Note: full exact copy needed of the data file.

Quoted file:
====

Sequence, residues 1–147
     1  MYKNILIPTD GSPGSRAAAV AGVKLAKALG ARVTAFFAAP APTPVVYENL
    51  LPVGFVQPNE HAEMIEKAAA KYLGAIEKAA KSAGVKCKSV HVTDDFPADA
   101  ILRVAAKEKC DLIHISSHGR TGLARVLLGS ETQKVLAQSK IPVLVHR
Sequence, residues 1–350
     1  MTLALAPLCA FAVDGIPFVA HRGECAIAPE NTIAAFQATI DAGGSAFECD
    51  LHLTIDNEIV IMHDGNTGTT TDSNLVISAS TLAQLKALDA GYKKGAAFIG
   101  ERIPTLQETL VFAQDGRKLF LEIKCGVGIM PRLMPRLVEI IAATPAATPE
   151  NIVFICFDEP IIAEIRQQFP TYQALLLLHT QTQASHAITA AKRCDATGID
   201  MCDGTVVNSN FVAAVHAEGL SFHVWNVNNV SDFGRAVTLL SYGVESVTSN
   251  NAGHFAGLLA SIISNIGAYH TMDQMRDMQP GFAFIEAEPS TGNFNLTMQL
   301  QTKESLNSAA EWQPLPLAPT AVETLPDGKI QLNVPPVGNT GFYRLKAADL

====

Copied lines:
Sequence, residues 1–147
     1  MYKNILIPTD GSPGSRAAAV AGVKLAKALG ARVTAFFAAP APTPVVYENL
    51  LPVGFVQPNE HAEMIEKAAA KYLGAIEKAA KSAGVKCKSV HVTDDFPADA
   101  ILRVAAKEKC DLIHISSHGR TGLARVLLGS ETQKVLAQSK IPVLVHR
Sequence, residues 1–350
     1  MTLALAPLCA FAVDGIPFVA HRGECAIAPE NTIAAFQATI DAGGSAFECD
    51  LHLTIDNEIV IMHDGNTGTT TDSNLVISAS TLAQLKALDA GYKKGAAFIG
   101  ERIPTLQETL VFAQDGRKLF LEIKCGVGIM PRLMPRLVEI IAATPAATPE
   151  NIVFICFDEP IIAEIRQQFP TYQALLLLHT QTQASHAITA AKRCDATGID
   201  MCDGTVVNSN FVAAVHAEGL SFHVWNVNNV SDFGRAVTLL SYGVESVTSN
   251  NAGHFAGLLA SIISNIGAYH TMDQMRDMQP GFAFIEAEPS TGNFNLTMQL
   301  QTKESLNSAA EWQPLPLAPT AVETLPDGKI QLNVPPVGNT GFYRLKAADL